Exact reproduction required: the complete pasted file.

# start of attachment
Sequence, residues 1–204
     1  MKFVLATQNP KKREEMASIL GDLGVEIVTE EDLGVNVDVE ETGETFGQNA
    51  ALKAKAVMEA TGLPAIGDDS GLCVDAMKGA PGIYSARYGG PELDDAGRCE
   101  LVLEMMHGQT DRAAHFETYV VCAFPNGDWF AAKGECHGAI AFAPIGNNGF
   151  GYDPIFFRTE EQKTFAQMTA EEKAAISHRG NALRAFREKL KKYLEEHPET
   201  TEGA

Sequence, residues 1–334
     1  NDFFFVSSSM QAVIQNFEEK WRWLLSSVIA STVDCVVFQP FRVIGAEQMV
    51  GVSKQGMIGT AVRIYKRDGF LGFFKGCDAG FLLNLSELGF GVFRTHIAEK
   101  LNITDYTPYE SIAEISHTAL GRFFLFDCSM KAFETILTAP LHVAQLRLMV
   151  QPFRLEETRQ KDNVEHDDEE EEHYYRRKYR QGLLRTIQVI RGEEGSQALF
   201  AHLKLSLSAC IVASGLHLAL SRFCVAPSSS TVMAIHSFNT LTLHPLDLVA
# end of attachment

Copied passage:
Sequence, residues 1–204
     1  MKFVLATQNP KKREEMASIL GDLGVEIVTE EDLGVNVDVE ETGETFGQNA
    51  ALKAKAVMEA TGLPAIGDDS GLCVDAMKGA PGIYSARYGG PELDDAGRCE
   101  LVLEMMHGQT DRAAHFETYV VCAFPNGDWF AAKGECHGAI AFAPIGNNGF
   151  GYDPIFFRTE EQKTFAQMTA EEKAAISHRG NALRAFREKL KKYLEEHPET
   201  TEGA

Sequence, residues 1–334
     1  NDFFFVSSSM QAVIQNFEEK WRWLLSSVIA STVDCVVFQP FRVIGAEQMV
    51  GVSKQGMIGT AVRIYKRDGF LGFFKGCDAG FLLNLSELGF GVFRTHIAEK
   101  LNITDYTPYE SIAEISHTAL GRFFLFDCSM KAFETILTAP LHVAQLRLMV
   151  QPFRLEETRQ KDNVEHDDEE EEHYYRRKYR QGLLRTIQVI RGEEGSQALF
   201  AHLKLSLSAC IVASGLHLAL SRFCVAPSSS TVMAIHSFNT LTLHPLDLVA